Baxter (NYSE:BAX) showed more tangible signs of recovery on Thursday with the announcement of its first-quarter earnings. The medical products outfit doesn't expect runaway growth for 2005, but the company's presence in both branded drugs and specialized services may make it an interesting play in the health-care segment.

Baxter announced that first-quarter revenue increased 8% to $2.38 billion compared to the same period last year, although that rise included a 3% gain from currency benefit. Income from continuing operations, meanwhile, rose 20% to $224 million from $187 million. The improvement in profitability was in part due to the firm's internal efforts to trim down. Baxter has cut 2,900 employees out of a planned 4,000 in cuts, and the restructuring has had a noticeable impact on operating margins, which increased 1.6% year over year to 14.8%. Baxter expects that figure to improve next quarter.

The quarter's solid results were also the product of strong performances in two segments -- biosciences and drug delivery services. In the biosciences division, Baxter is enjoying robust sales from its ADVATE treatment for hemophilia A. ADVATE is on sale in 13 countries, and the firm expects to launch in seven more. The market is apparently embracing ADVATE with open arms. After achieving nearly $300 million in sales in 2004, Baxter expects 2005 sales of $500 million.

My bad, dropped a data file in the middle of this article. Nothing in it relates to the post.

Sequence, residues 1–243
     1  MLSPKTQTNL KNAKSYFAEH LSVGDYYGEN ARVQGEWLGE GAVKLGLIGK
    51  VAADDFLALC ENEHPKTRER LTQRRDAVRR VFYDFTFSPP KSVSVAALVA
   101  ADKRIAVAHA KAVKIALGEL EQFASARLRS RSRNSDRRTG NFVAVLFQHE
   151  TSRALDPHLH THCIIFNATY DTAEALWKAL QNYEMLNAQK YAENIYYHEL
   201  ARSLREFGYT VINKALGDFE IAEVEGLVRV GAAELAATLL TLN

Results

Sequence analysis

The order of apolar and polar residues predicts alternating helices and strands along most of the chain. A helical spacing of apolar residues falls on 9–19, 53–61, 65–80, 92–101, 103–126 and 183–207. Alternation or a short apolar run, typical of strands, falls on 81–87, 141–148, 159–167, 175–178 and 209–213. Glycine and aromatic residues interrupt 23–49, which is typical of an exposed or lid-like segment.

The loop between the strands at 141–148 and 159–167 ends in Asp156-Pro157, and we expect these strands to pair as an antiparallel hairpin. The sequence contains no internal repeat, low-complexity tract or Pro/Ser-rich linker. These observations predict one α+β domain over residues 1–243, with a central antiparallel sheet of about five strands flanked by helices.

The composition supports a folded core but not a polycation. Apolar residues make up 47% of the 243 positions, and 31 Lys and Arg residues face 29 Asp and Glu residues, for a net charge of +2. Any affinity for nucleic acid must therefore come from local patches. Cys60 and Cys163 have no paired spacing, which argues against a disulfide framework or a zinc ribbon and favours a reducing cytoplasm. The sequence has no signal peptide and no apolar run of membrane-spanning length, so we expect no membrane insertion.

As for the drug delivery area, sales grew 9% in the quarter after rising 13% in the 2004 quarter. Baxter is almost doubling its manufacturing capacity in drug delivery at its Bloomington, Indiana, facility. The company is enjoying the fruits of deep relationships with a broad spectrum of pharmaceutical and biotech clients. Baxter expects to provide services such as manufacturing, packaging, and formulation for eight to 10 products in 2005. The company is especially well-positioned to support biotech clients, which often don't have large manufacturing capacity and need specialized manufacturing and packaging for their fragile drugs.

Baxter's projection of top-line growth of 2% to 4% for 2005 isn't likely to blow anyone away. What's more, the stock has enjoyed a steady climb since late 2004, so its shares aren't exactly cheap. Still, the firm's long-term positioning and diversified business may make it worth a closer look.

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Fool contributor Brian Gorman is a freelance writer in Chicago. He does not own shares of any companies mentioned in this article.